AFP/ New York
Bernie Madoff, the mastermind behind the largest financial scam in history that unravelled during the 2008 economic crisis, died in jail yesterday, US prison officials said. He was 82.
Madoff had been suffering from chronic kidney failure and prison chiefs had denied his request last year to be allowed to go home to die.
The New Yorker was sentenced to 150 years in prison in 2009 for running a pyramid-style scheme that conned tens of thousands of people around the world and was estimated to be worth almost $65 billion.
It became an ugly symbol of Wall Street excess and left a crippling human toll, with investors going from rich to broke overnight.
“We can confirm Bernard Madoff passed away on April 14, 2021, at the Federal Medical Center (FMC) Butner, North Carolina,” an official with the federal Bureau of Prisons told AFP in an e-mail.
The statement said the cause of death needed to be determined by a medical examiner.
In February 2020, Madoff’s lawyer said the disgraced Wall Street financier was terminally ill with “kidney disease, among other serious medical conditions.”
“The Bureau of Prisons concluded in September 2019 that Madoff has less than 18 months to live because of the terminal nature of his kidney failure,” attorney Brandon Sample wrote.
He asked for compassionate release so he could mend fences with his grandchildren and die a free man but the request was rejected by the prisons bureau.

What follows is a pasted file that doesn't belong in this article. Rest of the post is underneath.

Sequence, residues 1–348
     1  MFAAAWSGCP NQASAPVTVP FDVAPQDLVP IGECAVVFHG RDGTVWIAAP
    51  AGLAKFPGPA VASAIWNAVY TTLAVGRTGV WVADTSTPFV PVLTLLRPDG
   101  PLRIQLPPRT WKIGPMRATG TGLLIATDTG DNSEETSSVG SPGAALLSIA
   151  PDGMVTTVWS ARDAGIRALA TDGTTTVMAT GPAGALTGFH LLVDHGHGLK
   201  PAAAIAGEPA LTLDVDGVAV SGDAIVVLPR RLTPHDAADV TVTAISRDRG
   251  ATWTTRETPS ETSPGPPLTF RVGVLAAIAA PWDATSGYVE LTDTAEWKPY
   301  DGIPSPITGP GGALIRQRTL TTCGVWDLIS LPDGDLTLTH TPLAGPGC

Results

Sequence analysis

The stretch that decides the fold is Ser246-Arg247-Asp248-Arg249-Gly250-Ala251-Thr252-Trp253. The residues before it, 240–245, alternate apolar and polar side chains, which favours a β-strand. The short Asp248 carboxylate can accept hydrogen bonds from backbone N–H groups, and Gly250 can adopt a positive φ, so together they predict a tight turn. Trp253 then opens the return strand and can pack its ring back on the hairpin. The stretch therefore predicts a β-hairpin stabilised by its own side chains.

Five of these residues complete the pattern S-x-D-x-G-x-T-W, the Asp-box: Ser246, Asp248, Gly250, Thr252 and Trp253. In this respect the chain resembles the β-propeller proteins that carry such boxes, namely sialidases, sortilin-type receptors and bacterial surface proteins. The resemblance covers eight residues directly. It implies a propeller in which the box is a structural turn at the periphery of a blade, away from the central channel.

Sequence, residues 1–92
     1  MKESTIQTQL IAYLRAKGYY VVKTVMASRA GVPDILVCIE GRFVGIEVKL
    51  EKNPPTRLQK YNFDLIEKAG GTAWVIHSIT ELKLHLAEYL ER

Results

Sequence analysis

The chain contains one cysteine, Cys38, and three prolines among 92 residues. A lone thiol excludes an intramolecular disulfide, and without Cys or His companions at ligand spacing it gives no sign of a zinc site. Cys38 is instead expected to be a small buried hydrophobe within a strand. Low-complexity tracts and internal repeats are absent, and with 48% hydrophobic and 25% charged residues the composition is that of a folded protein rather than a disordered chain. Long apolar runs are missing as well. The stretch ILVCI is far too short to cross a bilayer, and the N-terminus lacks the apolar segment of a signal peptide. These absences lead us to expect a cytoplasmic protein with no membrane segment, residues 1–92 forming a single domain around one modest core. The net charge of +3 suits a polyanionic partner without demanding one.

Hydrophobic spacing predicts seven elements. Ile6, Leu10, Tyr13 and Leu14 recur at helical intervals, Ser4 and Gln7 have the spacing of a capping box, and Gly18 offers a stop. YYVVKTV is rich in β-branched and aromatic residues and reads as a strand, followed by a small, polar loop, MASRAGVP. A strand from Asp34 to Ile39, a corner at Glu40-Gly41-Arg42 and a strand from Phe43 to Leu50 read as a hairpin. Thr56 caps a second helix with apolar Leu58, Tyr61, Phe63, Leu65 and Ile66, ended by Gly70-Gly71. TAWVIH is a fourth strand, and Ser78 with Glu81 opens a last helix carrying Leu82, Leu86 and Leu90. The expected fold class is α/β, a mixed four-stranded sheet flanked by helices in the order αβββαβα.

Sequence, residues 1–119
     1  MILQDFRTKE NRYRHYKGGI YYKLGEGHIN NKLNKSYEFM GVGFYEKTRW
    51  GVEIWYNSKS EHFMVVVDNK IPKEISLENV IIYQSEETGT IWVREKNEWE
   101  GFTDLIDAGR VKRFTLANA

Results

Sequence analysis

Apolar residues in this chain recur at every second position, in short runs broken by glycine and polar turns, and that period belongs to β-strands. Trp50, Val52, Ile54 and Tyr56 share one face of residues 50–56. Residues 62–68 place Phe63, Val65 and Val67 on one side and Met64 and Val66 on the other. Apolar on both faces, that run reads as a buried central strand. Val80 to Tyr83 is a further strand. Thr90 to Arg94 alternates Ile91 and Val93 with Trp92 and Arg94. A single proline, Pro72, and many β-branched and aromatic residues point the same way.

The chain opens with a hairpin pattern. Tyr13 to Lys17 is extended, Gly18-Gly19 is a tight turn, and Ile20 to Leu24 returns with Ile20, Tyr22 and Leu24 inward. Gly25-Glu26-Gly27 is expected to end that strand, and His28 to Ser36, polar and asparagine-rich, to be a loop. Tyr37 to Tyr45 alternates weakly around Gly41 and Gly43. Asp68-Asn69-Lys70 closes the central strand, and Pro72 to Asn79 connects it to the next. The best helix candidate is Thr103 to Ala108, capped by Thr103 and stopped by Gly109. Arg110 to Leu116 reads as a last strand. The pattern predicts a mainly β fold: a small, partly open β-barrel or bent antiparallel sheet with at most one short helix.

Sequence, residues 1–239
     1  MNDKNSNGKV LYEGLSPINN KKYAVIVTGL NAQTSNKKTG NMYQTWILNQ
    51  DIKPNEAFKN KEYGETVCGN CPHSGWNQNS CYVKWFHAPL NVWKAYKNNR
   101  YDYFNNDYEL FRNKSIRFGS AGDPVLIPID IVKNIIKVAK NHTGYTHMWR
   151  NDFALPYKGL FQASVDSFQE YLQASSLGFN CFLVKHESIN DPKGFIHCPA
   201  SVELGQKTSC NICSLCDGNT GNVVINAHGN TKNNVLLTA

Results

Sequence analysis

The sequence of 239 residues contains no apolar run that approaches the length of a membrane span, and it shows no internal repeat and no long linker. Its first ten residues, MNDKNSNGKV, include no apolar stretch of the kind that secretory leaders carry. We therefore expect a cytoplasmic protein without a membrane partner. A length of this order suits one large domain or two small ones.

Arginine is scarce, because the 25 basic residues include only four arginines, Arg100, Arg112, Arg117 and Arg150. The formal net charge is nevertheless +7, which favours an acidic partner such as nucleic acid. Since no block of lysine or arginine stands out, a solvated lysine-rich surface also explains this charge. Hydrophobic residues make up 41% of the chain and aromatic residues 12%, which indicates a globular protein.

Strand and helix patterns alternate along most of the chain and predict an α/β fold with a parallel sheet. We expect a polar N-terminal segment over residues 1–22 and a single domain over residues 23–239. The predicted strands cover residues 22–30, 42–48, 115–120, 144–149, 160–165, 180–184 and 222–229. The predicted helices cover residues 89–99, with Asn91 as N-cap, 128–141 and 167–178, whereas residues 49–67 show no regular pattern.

The Washington Post reported then that Madoff needed a wheelchair and 24-hour care.
“I’ve served 11 years already, and, quite frankly, I’ve suffered through it,” Madoff told the paper in an interview.
“You know, there hasn’t been a day in prison that I haven’t felt the guilt for the pain I caused on the victims and for my family,” he said.
In a city famous for money and theatre, the silver-haired Wall Street doyen was a master of both, using his charm to wheedle billions from his clients who little suspected he was a con artist.
Madoff was born on April 29, 1938 to Jewish parents, in humble beginnings in Queens, New York.
He started as a Long Island lifeguard before entering the stock market, eventually becoming chairman of the Nasdaq stock exchange.
There, he was credited with helping revolutionise the shift in trading from face-to-face deals, from telephones to computers, with trades made in seconds not minutes, and ushering in an era of ever greater stakes and profits.
But it was as a private money manager that he won a reputation as a financial guru.
Returns of around 10%, with occasional surges a great deal higher, came in so regularly that rich individuals, endowments, and supposedly expert banks lined up to give him money between the 1970s and 2000s.
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